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The Hacker News - Cybersecurity News and Analysis: Investigatory Powers Bill

Government Could Hack Children's Toys to Spy on You

Government Could Hack Children's Toys to Spy on You

December 11, 2015Swati Khandelwal
Smartphones, Smart TVs, Smart Watches, Cell Phone Towers, Messaging services… but now, What's Next? Smart Toys? Yes, probably. Tech expert is warning that 'Smart Toys' could now be used by the government intelligence agencies to spy on suspects. As part of the Investigatory Powers Bill , children's connected toys could be the next item to be used by the government in an effort to spy on people, claims Antony Walker, deputy CEO of technology trade association techUK. The Snooper's Charter – Government's Spy Eyes While speaking to the UK parliament's Commons Science and Technology Committee, Walker warned MPs of how the Draft Investigatory Powers Bill could be abused to turn any Internet-connected device into a snooping tool. The draft Investigatory Powers Bill (or the Snooper's Charter ) would make it the legal duty of Internet service providers (ISPs) to help and assist the British intelligence agencies in hacking into various connected devices if
UK to ban WhatsApp, iMessage and Snapchat Under New Laws

UK to ban WhatsApp, iMessage and Snapchat Under New Laws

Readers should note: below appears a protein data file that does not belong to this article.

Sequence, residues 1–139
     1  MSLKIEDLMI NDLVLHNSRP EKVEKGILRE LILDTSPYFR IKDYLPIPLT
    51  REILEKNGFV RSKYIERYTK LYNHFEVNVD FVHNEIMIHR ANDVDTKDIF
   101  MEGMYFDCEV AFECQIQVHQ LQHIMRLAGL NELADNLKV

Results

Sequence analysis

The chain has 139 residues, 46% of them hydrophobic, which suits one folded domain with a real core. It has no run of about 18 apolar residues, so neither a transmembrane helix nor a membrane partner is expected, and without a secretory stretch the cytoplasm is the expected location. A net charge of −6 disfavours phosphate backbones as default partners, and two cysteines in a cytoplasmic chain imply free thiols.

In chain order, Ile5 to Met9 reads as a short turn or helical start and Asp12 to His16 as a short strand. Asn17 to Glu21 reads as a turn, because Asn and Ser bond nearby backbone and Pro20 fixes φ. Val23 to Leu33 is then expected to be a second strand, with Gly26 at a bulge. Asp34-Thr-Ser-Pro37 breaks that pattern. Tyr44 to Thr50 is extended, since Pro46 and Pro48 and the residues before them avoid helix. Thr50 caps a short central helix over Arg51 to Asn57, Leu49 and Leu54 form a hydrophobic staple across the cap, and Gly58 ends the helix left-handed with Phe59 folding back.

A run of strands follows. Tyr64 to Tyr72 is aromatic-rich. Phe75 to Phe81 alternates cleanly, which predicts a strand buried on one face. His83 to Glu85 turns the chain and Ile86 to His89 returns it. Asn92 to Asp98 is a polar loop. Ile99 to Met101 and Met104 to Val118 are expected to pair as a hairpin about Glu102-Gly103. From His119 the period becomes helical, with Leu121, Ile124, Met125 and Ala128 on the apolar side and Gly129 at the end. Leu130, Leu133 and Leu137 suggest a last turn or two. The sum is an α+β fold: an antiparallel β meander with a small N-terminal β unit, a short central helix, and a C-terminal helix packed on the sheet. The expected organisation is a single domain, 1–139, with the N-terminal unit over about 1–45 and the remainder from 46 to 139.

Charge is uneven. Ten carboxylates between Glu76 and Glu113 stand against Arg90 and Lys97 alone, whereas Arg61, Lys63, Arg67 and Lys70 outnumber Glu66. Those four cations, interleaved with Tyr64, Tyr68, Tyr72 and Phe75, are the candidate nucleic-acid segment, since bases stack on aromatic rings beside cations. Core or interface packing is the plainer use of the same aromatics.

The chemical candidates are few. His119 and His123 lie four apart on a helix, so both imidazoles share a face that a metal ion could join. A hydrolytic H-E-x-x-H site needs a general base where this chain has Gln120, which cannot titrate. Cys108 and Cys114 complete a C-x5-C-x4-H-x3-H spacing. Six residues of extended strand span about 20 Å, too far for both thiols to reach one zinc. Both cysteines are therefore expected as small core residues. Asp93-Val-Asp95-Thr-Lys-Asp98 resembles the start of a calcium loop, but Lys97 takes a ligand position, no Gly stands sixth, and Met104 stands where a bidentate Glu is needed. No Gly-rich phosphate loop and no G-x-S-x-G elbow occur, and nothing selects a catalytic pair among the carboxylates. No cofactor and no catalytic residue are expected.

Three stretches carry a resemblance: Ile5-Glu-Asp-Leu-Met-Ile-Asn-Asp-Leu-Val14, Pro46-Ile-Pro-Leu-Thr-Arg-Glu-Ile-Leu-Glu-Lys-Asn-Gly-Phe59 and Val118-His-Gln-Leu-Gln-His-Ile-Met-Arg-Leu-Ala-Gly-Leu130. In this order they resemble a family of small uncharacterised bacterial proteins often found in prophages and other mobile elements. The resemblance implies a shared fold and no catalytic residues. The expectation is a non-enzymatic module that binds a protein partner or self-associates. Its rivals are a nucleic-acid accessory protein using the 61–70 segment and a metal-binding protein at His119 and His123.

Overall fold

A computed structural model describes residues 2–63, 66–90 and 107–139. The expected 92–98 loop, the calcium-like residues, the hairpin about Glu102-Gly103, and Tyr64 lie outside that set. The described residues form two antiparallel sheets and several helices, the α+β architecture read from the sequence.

July 11, 2015Swati Khandelwal
If you rely on messaging apps to remain in contact with your family members and friends, then you may have to switch back to old-fashioned text messaging service in matter of weeks due to a new law currently going through Parliament. WhatsApp and Facebook Messenger to Ban in UK The popular messaging applications, including WhatsApp, Snapchat, iMessage and Facebook Messenger, could all potentially be banned in the UK under the controversial ' Snoopers Charter '. The Investigatory Powers Bill -- the so-called Snoopers Charter -- mentioned in the 2015 Queen's Speech , would allow UK government to eradicate instant messaging apps that refuse to switch off end-to-end encryption from their services. Earlier this year in light of the Charlie Hebdo shootings in Paris, Prime Minister David Cameron hinted at the crackdown when he claimed that he would ban encrypted messaging apps like Snapchat, WhatsApp and Messenger unless they didn't comply with new surve
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